Second, since data on allergic condition and PBT diagnoses are cross-sectional in nature, the temporal order of their occurrence is difficult to discern for some individuals, particularly for MR subjects. We were able to address this for the NPRI subjects in our analyses that controlled for the temporal order of allergic condition and PBT diagnoses, finding stronger evidence for a protective effect on PBT risk for asthma when asthma was reported to have been diagnosed prior to the PBT diagnosis.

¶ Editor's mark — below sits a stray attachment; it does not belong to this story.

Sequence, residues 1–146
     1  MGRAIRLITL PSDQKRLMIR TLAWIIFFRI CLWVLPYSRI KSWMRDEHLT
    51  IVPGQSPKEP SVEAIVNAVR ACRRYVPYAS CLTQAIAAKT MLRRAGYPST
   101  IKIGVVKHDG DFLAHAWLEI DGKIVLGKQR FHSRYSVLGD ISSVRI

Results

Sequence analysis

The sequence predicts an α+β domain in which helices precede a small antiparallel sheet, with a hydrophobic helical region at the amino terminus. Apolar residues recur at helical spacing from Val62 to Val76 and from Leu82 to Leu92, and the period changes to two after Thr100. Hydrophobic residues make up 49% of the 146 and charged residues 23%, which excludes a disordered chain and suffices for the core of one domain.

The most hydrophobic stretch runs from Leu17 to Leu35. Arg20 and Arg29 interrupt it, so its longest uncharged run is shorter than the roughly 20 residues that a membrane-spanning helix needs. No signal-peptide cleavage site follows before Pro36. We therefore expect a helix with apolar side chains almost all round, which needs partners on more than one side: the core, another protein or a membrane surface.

Third, medical condition information was participant or parent/legal guardian reported for the NPRI and to some extent for MR subjects where patient medical history is sometimes captured from the patient or their parent/legal guardian rather than from physical examination or medical tests. Of note, our previous studies suggest that NF1  and PBT diagnoses are reported with good accuracy for NPRI participants . For allergic condition diagnoses, participant/parent legal guardian reported data could result in misclassification of subjects with respect to allergic condition diagnoses if conditions are not actually present in the participant or they are present and not reported. Reporting accuracy of childhood diagnoses may be a particular problem in adults who may not recall correctly or be aware of past medical diagnoses. The association between asthma and PBTs was stronger in younger children, which may reflect more accurate reporting of recent asthma diagnoses and age of diagnosis by caregivers than in adults whose childhood asthma diagnoses may have occurred years ago. For asthma, where we found the strongest inverse associations, reporting accuracy has been noted to have high validity in general for prevalent asthma in one study that compared self-reported to physician diagnosed asthma .